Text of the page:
One of the prettiest girls in the group, no doubt exasperated by the repetition, said, loudly enough for everyone to hear: "Well, I'd rather look the way I do and serve the way I do than serve the way she does and look the way she does."

Now that's female competitiveness at its finest.

But with these guys and with other male athletes I've known it was an entirely different conflict....

These guys' attentions were like that: fatherly. And it really surprised me coming from members of opposing teams, since this was, after all, a money league. But they seemed to have a competitive stake in my doing well and in helping me do well, as if beating a man who wasn't at his best wasn't satisfying. They wanted you to be good and then they wanted to beat you on their own merits.
Here's one excerpt from that chapter that popped immediately to mind when I read Rachel's rant, and that drew me to pick up the book and write this post:
So much of what happens emotionally between men isn't spoken aloud, and so the outsider, especially the female outsider who is used to emotional life being overt and spoken (often over-spoken), tends to assume that what isn't said isn't there. But it is there, and when you're inside it, it's as if you're suddenly hearing sounds only dogs can hear.

I remember one night when I plugged into that subtext for the first time. A few lanes over, one of the guys was having a particularly hot game. I'd been oblivious to what was happening, mourning my own playing too much to watch anyone else. It was Jim's turn, and I noticed that he wasn't bowling. Instead he was sitting down in one of the laneside chairs, just waiting. Usually this happened when there was a problem with the lane; a stuck pin or a mis-set rack. But the pins were fine. I kept watching him, wondering why he wasn't stepping up to the line.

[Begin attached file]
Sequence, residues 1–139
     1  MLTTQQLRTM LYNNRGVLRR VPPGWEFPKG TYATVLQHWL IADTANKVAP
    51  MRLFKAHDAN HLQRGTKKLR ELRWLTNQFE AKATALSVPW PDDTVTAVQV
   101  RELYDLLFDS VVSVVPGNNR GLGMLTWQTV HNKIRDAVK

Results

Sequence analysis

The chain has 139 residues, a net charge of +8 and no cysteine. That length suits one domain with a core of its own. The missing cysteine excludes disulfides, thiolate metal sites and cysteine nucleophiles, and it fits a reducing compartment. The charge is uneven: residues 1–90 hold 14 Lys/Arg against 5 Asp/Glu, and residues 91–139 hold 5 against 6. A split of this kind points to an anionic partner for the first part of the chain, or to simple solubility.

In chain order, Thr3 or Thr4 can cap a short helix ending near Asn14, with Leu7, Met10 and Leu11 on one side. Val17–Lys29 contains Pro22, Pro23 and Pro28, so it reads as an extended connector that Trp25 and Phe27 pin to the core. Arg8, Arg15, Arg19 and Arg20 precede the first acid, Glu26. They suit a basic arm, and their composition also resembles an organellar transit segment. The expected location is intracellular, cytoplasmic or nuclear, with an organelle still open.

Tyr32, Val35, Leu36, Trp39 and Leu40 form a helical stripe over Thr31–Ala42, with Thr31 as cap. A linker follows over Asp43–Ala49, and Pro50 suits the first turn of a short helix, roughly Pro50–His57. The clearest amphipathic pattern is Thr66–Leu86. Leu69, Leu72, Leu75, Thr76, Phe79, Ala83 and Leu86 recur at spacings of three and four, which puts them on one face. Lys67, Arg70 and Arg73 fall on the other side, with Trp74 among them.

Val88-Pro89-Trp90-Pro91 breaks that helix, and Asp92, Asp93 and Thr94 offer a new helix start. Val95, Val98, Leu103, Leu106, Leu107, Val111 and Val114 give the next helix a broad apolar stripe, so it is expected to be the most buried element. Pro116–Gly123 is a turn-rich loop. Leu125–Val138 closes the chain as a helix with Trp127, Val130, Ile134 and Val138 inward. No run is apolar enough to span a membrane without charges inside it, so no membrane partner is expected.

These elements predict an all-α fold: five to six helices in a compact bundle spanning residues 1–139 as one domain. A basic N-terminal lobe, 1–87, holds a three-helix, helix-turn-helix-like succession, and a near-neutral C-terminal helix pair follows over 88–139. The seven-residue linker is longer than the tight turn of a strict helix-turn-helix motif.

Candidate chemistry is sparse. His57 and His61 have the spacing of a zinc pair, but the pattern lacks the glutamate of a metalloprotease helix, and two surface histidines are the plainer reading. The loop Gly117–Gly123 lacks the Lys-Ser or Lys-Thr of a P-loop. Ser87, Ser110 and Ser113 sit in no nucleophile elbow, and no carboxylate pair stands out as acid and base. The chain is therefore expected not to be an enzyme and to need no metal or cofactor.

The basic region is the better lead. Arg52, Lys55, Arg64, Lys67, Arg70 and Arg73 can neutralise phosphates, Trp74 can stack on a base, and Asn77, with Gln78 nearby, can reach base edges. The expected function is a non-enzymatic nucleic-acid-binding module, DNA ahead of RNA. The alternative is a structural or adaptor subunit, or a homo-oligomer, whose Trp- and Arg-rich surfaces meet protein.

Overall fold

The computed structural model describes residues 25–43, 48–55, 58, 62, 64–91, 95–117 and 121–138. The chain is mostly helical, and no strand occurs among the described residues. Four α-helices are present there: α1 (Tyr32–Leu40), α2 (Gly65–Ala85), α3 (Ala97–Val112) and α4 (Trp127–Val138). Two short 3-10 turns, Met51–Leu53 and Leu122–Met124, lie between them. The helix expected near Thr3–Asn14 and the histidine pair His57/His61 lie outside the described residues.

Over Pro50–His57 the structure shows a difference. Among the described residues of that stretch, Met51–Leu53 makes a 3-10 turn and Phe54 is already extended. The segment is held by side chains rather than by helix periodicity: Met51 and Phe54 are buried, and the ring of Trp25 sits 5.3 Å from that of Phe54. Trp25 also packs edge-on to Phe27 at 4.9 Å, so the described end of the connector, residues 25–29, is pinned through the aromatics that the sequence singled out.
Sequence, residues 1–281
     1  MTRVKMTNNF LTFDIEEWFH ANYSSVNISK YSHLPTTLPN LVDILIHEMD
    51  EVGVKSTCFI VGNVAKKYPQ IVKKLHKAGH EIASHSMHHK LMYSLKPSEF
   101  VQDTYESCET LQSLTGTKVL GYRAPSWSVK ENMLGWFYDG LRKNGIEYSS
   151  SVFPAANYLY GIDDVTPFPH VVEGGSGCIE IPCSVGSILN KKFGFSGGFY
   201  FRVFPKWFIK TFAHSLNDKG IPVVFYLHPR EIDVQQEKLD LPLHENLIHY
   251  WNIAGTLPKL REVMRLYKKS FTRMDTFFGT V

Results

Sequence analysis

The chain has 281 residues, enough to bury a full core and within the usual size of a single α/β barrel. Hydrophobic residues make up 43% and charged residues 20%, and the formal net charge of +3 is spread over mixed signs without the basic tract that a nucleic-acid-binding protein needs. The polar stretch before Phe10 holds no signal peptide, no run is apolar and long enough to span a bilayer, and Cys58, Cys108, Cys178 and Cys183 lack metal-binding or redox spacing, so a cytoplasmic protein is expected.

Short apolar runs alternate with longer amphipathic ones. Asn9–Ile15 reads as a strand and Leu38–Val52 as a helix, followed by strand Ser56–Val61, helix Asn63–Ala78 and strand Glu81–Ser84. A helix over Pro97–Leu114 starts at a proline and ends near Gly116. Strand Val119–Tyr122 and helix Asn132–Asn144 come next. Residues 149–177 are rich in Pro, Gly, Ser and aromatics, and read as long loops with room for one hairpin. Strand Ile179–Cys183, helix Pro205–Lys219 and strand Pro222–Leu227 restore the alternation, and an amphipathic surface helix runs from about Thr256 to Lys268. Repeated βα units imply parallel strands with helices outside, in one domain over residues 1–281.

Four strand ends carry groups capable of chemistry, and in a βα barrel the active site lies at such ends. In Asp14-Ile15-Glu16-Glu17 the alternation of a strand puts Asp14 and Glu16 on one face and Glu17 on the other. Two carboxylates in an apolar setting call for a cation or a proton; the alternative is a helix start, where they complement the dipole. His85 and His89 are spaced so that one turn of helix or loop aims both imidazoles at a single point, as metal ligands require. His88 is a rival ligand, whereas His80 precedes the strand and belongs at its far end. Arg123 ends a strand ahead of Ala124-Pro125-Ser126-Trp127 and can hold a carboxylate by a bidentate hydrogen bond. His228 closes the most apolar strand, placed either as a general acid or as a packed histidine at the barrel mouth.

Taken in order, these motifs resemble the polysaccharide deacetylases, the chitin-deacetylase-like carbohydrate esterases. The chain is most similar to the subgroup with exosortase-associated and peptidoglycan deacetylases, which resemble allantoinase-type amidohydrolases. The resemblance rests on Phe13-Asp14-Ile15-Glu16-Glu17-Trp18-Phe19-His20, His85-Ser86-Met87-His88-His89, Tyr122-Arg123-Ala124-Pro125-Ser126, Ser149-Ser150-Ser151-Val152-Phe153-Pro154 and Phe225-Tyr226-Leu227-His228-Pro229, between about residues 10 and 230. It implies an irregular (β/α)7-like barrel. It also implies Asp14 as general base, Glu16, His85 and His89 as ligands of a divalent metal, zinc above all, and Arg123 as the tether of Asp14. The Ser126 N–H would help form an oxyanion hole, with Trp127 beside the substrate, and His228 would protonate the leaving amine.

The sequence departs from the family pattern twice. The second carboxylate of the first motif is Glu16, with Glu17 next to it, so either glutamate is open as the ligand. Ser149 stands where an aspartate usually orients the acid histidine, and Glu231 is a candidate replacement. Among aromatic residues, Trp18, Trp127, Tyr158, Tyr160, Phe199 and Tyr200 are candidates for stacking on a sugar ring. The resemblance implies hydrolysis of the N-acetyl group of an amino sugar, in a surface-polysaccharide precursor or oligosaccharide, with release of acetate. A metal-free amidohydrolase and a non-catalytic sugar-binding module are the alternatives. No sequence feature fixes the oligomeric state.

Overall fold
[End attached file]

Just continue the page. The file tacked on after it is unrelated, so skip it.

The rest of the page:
Then I noticed that all the other bowlers had sat down as well. Nobody was taking his turn. It was as if somebody had blown a whistle, only nobody had. Nobody had said anything. Everyone had just stopped and stepped back, like in a barracks when an officer enters the room.

Then I realized that there was one guy stepping up to the lane. It was a guy who was having a great game. I looked up at the board and saw that he'd had strikes in every frame, and now he was on the tenth and final frame, in which you get three throws if you strike or spare in the first two. He'd have to throw three strikes in a row on this one to earn a perfect score, and somehow everyone in that hall had felt the moment of grace descend and had bowed out accordingly. Everyone, of course, except me.

It was a beautiful moment, totally still and reverent, a bunch of guys instinctively paying their respects to the superior athleticism of another guy.

The guy stepped up to the line and threw three strikes, one after the other, each one met by mounting applause, then silence and stillness again, then on the final strike, an eruption, and every single guy in that room, including me, surrounded that player and moved in to shake his hand or pat him on the back. It was almost mystical, that telepathic intimacy and the communal joy that succeeded it, crystalline in its perfection. The moment said everything all at once about how tacitly attuned men are to each other, and how much of this women miss when they look from the outside in.
One of the clichés of war movies (or other conflict-oriented media) is the character who relishes having an opponent "worthy of them." Patton relished besting Rommel, for instance, because Rommel was the acknowledged best at what he did. But when the competition is over between men, at least in most cases, it's over, and they can set aside the conflict. The end of the Civil War is perhaps the strongest example of this.

But women? From what I have seen, Sally Field might be right. If women ran the world there wouldn't be any more goddamned wars.

Because the first one would end in a scorched-earth policy that neither side would survive. And it would start over something petty.

I can strongly recommend Self-Made Man. It's a damned interesting read.

UPDATE: Dr. Helen has an opinion on Ms. Field's comment, too.